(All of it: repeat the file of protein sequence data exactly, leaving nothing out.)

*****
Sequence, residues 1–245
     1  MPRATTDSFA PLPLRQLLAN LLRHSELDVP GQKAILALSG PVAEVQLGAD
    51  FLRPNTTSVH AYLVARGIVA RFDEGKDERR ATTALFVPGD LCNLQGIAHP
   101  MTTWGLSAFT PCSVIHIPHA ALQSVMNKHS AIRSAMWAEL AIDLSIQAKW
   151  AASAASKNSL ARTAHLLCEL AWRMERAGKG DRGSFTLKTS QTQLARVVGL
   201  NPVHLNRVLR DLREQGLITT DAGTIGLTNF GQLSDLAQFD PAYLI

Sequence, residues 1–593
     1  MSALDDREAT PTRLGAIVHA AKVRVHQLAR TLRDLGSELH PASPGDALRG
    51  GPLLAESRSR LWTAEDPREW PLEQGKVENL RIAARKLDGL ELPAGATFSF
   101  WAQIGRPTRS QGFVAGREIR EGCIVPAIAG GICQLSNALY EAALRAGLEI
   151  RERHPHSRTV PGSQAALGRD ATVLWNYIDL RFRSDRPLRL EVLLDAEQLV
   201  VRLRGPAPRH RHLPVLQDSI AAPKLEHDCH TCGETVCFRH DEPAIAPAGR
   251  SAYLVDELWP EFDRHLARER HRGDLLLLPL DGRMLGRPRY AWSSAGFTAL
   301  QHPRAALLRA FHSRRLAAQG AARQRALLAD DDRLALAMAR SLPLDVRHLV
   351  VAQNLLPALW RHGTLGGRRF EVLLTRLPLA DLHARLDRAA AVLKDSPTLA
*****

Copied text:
Sequence, residues 1–245
     1  MPRATTDSFA PLPLRQLLAN LLRHSELDVP GQKAILALSG PVAEVQLGAD
    51  FLRPNTTSVH AYLVARGIVA RFDEGKDERR ATTALFVPGD LCNLQGIAHP
   101  MTTWGLSAFT PCSVIHIPHA ALQSVMNKHS AIRSAMWAEL AIDLSIQAKW
   151  AASAASKNSL ARTAHLLCEL AWRMERAGKG DRGSFTLKTS QTQLARVVGL
   201  NPVHLNRVLR DLREQGLITT DAGTIGLTNF GQLSDLAQFD PAYLI

Sequence, residues 1–593
     1  MSALDDREAT PTRLGAIVHA AKVRVHQLAR TLRDLGSELH PASPGDALRG
    51  GPLLAESRSR LWTAEDPREW PLEQGKVENL RIAARKLDGL ELPAGATFSF
   101  WAQIGRPTRS QGFVAGREIR EGCIVPAIAG GICQLSNALY EAALRAGLEI
   151  RERHPHSRTV PGSQAALGRD ATVLWNYIDL RFRSDRPLRL EVLLDAEQLV
   201  VRLRGPAPRH RHLPVLQDSI AAPKLEHDCH TCGETVCFRH DEPAIAPAGR
   251  SAYLVDELWP EFDRHLARER HRGDLLLLPL DGRMLGRPRY AWSSAGFTAL
   301  QHPRAALLRA FHSRRLAAQG AARQRALLAD DDRLALAMAR SLPLDVRHLV
   351  VAQNLLPALW RHGTLGGRRF EVLLTRLPLA DLHARLDRAA AVLKDSPTLA